Formulate an Effective Mobile Strategy
Build in a solid marketing plan. Publishers must think beyond app stores in considering how they are going to drive people to their apps. TV networks, for example, coordinate with their promotional teams to do promos of their apps after shows, which creates awareness and drives downloads.
"If you're a publisher, there's a direct correlation [to what the TV networks do] with marketing your app in your existing channels," Moazed says. "If you're a magazine, put it in your print magazine, put it on your website, put it in all those touchpoints that your existing user base is going to see, so that when they have an iPhone or an iPad, they will know they can go view an existing magazine on their [device]. Getting the word out there is a big part of it."
Corporate Vice President of Digital Media, Schurz Communications
Schurz Communications is a diversified media company serving small and medium sized markets with TV, newspapers, websites, shoppers and directories. It recently has built out an aggressive, targeted mobile strategy in partnership with mobile app developer iSites.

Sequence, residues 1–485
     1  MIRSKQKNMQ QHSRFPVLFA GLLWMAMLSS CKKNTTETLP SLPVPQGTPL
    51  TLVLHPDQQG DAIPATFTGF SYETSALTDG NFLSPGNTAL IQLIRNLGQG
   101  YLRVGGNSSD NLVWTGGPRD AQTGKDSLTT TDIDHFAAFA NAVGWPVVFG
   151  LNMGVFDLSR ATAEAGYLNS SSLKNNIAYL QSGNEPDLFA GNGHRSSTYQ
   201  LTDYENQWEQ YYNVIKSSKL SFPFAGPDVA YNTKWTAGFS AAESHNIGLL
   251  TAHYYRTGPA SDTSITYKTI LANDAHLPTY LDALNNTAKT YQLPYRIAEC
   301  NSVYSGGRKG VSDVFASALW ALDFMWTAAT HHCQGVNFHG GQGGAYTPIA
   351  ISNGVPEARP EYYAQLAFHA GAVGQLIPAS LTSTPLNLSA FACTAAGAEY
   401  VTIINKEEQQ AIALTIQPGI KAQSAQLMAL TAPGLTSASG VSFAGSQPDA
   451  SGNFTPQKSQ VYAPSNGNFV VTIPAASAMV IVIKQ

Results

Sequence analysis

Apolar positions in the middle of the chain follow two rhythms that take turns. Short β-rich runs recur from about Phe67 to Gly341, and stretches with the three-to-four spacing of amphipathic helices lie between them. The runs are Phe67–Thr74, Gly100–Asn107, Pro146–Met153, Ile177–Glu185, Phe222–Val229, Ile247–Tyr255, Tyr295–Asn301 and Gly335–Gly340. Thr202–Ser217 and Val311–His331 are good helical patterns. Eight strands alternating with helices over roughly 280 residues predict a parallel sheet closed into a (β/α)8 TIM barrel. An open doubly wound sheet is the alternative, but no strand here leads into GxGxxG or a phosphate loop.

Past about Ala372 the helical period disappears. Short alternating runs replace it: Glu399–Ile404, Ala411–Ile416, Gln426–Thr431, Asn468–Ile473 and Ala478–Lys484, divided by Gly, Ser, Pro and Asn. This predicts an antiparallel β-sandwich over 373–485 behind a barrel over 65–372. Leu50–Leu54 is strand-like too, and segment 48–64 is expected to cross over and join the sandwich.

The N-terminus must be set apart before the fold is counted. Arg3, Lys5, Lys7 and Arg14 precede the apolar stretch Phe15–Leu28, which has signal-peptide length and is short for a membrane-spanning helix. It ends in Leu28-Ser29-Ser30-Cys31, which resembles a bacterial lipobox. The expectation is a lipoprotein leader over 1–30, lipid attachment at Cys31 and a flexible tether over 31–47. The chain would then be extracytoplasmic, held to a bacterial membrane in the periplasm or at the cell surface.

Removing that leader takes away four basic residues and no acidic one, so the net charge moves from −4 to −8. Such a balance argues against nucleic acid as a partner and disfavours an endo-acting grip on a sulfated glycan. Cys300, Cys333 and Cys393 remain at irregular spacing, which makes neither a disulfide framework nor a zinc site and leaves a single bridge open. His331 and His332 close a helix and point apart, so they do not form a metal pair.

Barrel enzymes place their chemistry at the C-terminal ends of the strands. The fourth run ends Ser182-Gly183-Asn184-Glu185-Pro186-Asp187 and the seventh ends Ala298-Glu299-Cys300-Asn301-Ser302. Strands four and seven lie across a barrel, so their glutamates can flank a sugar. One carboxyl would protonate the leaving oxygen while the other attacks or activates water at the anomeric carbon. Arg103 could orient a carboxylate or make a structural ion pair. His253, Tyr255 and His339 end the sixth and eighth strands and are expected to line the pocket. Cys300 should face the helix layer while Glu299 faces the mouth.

Promote "definitional consistency" within the company. A coherent strategy requires that all decision-makers be on the same page. Make sure everyone in your organization means the same thing when they talk about mobile.
"At Schurz we are trying to bring some definitional consensus to what mobile is for us, and what it is not," Oslund says. "I can tell you in the early throes it's not gaming. It's not in our wheelhouse—not yet. It doesn't relate back to what we already do and the content strategies that we're involved with."
For Schurz, mobile currently means browsers, e-mail, applications, texts and social media, expressed with a handy mnemonic: BEATS.
Don't just reach for the flashy and sexy. It might seem exciting to jump into tablet apps, but make sure that's what your market actually wants. If you want to be on the iPad, for instance, look at how many iPads are in your marketplace, and whether you're in a 3G market. "It's so tempting to get romanced by the next new thing, and the next new thing will be here tomorrow, if not this afternoon," Oslund says. "So we have to check ourselves."